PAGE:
Moves are afoot to give Fair Isle’s precious marine environment special recognition in a move never taken before in other areas.
Plans are under way to give the island status as a marine protected area, or MPA, with consultation on the move already started.
Other areas have previously been designated as MPAs but Fair Isle’s differs from previous nature conservation steps. Instead of being built around specific biodiversity features, it is hoped Fair Isle’s MPA will demonstrate, or carry out, research on sustainable methods of marine management.
Aimed at having a dual focus, the Fair Isle MPA hopes to establish robust research focused on migratory sea bird population decline, while also demonstrating the social and economic value of a healthy marine environment to the Fair Isle community.
If designated, the Fair Isle demonstration and research MPA would be the first of its kind in Scotland.
It follows work by the Fair Isle Marine Environment and Tourism Initiative (Fimeti) on behalf of the isle’s residents.
Established in 1995, Fimeti works as a partnership between the Fair Isle community, the National Trust for Scotland and the Fair Isle Bird Observatory Trust.
The initiative was established to work towards the long-term protection and sustainable management of the seas around the isle.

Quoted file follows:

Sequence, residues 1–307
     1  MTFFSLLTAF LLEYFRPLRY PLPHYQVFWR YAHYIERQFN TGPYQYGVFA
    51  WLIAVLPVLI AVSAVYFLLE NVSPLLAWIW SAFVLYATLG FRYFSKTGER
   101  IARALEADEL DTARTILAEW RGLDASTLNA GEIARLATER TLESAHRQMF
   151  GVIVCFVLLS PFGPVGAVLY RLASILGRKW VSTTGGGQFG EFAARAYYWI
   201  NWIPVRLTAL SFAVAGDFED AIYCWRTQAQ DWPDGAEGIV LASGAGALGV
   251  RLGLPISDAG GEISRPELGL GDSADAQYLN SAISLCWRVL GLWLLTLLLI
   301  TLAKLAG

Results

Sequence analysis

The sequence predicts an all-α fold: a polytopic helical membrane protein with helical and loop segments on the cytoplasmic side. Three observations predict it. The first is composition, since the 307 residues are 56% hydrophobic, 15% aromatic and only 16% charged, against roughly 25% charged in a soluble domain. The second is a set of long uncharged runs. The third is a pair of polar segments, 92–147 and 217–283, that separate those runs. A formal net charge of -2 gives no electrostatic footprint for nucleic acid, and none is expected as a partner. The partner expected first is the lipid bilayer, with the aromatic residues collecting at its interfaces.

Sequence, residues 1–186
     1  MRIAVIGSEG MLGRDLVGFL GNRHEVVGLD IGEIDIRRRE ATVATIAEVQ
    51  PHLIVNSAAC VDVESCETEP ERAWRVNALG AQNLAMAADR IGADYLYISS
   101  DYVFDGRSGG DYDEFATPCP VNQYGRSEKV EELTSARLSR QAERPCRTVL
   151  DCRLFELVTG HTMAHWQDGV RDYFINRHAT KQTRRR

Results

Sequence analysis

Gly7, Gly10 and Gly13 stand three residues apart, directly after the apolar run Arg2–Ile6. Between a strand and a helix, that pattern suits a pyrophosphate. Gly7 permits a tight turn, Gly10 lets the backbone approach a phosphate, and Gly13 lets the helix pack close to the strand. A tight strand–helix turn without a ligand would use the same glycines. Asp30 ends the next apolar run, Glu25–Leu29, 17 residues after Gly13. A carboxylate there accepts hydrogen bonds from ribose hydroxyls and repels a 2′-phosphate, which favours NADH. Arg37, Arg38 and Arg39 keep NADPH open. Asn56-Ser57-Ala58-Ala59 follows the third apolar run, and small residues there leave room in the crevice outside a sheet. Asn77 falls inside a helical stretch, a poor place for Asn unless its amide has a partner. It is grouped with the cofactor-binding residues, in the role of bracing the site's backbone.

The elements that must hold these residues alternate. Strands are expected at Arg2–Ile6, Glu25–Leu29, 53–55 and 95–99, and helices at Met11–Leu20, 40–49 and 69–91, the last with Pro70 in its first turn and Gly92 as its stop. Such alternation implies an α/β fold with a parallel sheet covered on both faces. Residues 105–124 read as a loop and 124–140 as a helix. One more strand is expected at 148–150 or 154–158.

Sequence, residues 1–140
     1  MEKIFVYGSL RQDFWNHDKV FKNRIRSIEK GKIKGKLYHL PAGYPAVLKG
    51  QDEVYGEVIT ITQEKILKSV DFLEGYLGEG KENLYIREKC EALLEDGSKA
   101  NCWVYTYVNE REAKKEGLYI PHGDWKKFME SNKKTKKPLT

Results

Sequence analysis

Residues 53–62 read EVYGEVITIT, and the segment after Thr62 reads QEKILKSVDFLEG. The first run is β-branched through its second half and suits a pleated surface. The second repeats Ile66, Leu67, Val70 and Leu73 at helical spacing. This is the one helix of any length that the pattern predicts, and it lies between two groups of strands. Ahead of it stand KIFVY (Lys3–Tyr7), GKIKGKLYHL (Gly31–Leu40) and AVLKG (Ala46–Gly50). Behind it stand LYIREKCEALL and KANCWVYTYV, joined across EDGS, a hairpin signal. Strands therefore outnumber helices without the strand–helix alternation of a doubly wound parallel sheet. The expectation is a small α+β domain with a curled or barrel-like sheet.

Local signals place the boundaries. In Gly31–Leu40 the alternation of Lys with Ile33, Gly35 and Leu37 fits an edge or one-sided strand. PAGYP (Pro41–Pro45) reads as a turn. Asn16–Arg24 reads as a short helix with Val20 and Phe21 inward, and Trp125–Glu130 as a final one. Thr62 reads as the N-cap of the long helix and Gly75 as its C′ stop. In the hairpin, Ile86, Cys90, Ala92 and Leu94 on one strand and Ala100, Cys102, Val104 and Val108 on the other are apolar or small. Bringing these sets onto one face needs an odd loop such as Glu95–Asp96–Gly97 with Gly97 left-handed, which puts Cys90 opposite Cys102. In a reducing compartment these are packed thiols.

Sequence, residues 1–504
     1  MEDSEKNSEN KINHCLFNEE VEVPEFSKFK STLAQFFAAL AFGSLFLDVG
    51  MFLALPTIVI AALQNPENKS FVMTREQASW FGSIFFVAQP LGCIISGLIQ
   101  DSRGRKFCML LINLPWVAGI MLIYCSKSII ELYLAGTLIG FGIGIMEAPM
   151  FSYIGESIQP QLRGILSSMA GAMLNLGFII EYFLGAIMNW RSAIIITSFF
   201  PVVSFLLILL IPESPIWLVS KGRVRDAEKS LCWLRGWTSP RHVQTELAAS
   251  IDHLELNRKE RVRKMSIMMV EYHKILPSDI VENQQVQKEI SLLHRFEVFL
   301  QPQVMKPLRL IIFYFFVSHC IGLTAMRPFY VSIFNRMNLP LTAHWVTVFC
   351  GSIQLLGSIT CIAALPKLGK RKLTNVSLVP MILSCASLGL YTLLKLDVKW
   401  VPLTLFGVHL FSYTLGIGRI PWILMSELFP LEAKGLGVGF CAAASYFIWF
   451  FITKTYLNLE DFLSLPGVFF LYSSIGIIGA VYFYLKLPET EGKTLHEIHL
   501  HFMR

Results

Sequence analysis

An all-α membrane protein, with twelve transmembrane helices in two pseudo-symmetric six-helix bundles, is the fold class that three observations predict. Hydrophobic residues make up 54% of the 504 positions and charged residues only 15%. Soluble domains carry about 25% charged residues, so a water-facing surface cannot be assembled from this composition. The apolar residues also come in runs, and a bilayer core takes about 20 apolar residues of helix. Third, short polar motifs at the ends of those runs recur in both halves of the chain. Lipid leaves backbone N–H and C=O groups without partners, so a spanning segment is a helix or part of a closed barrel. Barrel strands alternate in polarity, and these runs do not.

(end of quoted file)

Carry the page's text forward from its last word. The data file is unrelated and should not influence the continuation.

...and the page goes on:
Fimeti first submitted the MPA proposal to Marine Scotland in December 2011. So the launch of public consultation marks a major milestone for the organisation, and the isle.
Group coordinator Nick Riddiford said: “I am delighted that 25 years of community effort to safeguard our seas has reached this milestone.
“Its goal as the first demonstration and research MPA in Scotland is to pilot a partnership approach towards sustainable marine management to benefit all.
“The sea plays a huge role in the economic, social, cultural and environmental wellbeing of the isle. The designation could make a big difference to Fair Isle.”
A partnership approach is said to be built into the fabric of the proposal, with the aim of recognising the importance of the fishing industry, which remains vital to the isles and to Scotland as a whole. As well as the ecological and socio-economic values the MPA is anticipated to bring, it may also have the potential to show collaborative management within the seas – with the community, commercial fishermen, research institutes and others on board.
Chairman of the Shetland Fishermen’s Association, Leslie Tait, said it was important to hear different points of view.
“We’re quite happy to be part of the steering committee to investigate and come forward with ideas and proposals, but also to listen to others.”
Fair Isle community councillor, Fiona Mitchell, added: “The Fair Isle community has long advocated an MPA and we are delighted to see it move into the next stage of public consultation.
“Thanks to islanders, supporters and new alliances with fishermen, this is an aspiration that has become a reality.”
Adding his support to the unusual measures behind the MPA was senior nature conservation adviser for the National Trust for Scotland – which owns Fair Isle – Richard Luxmoore.
“The designation would provide an opportunity for Scotland to demonstrate the value of this novel and innovative form of marine protection to the wider world,” he said.